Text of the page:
Sunday, November 22, 2009

Make Bohol Province Rabbies Free in 2010

Two and a half years after implementing a program in 2007 to make Bohol rabies free in 2010, authorities have seen very significant achievements. 

"But that is not where it ends", hints Provincial veterinarian Dr. Stella Marie Lapiz. 

"We can not claim yet that we are rabies free," underscoring that a lot of work needs to be done.  

The aim to eradicate rabies in Bohol seemed impossible especially when the province topped the national rabies watch-list in 2007, dragging the entire region with it, points Dr. Lapiz. 

Wanting to plant the tourism destination flag in the country just does not go well with the reports that a widely preventable rabies with its teeth bared lurking in the corner, reiterates a member of the multi-sectoral Bohol Rabies Prevention and Eradication Council (BRPEC), in a separate talk.  

"We have accomplished the target of vaccinating 70% of our dog population during our second round of inoculations, but we still have to see the results" Dr, Lapiz explains during the weekly The Governor Reports.  

70% of dog population vaccinated is a universally pegged safe standard, but it is not acceptable for Bohol authorities who want a full assurance that rabies has become a non-threat.  

Thanking the popular support of local governments, animal and livestock technicians and barangay livestock workers, pet owners and international funding agencies, Dr. Lapiz reported that the concerted efforts has made Bohol without a rabies case to worry to date.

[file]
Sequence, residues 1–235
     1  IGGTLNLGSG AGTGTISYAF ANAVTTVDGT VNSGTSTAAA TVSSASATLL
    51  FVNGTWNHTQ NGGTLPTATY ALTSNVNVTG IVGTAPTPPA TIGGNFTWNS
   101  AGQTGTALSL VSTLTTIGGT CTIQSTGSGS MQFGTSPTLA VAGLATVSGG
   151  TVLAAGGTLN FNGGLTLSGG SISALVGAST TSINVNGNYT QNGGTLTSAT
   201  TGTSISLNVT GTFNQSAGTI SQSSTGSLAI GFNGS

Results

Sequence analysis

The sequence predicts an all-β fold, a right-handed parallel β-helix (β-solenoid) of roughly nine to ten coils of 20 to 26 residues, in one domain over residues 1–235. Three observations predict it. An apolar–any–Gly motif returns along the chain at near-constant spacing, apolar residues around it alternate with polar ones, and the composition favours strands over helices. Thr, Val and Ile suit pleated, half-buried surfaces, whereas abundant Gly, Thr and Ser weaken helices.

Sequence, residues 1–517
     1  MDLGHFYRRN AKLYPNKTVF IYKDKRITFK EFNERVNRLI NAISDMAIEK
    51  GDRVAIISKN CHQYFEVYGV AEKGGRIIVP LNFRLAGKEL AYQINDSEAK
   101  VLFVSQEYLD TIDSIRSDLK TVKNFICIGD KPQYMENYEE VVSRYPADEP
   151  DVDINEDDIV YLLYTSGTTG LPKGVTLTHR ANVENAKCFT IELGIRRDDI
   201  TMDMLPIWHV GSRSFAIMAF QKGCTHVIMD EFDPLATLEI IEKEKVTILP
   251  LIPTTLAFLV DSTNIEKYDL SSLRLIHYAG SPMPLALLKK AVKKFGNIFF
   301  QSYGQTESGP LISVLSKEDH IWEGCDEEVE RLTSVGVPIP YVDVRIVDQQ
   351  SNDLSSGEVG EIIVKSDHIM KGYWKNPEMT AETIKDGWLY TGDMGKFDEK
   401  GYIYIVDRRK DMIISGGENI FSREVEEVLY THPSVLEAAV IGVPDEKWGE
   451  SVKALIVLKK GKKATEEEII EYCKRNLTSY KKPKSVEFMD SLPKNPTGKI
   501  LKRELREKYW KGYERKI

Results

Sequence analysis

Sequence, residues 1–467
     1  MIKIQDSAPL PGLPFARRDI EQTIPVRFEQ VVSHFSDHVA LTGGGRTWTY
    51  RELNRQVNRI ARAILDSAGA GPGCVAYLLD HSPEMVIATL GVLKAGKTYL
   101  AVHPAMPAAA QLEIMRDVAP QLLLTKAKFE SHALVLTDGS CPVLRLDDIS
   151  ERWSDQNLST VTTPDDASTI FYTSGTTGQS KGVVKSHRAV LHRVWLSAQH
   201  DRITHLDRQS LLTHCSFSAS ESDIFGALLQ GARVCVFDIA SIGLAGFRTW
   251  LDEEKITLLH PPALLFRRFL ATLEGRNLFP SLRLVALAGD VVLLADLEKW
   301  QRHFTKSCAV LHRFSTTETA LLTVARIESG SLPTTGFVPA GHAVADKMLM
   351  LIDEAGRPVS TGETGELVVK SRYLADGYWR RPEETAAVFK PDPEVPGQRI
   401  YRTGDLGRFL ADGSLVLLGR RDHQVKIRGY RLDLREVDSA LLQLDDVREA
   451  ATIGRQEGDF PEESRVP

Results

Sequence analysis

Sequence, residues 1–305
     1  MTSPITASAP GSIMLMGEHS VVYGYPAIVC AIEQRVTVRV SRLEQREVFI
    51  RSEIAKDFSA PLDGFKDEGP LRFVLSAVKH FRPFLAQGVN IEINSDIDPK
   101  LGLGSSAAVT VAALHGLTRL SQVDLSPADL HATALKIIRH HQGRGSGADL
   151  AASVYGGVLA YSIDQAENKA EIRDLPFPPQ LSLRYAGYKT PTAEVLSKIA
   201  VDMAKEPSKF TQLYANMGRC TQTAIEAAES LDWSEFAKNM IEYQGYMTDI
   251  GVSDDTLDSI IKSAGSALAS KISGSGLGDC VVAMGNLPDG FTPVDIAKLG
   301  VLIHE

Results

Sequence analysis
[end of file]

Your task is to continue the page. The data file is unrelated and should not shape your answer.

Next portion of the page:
Dr. Lapiz said Bohol has tested negative despite the 49 dog head samples sent to the regional laboratories for rabies examination.  

There has never been reported human rabies too, she added despite biting incidents here. 

Over the development, the diminutive veterinarian asked people to report to the municipal monitors any case of sudden dog deaths to quickly isolate cases, if there are. 

BRPEC council appoints Municipal Agriculture Officers (MAO) as contact persons authorized to forward reports of possible rabies-related incidents. 

The MAO reports would be basis for the BRPEC to send in trained people who could properly harvest and collect dog head samples for laboratory testing. (PIA)

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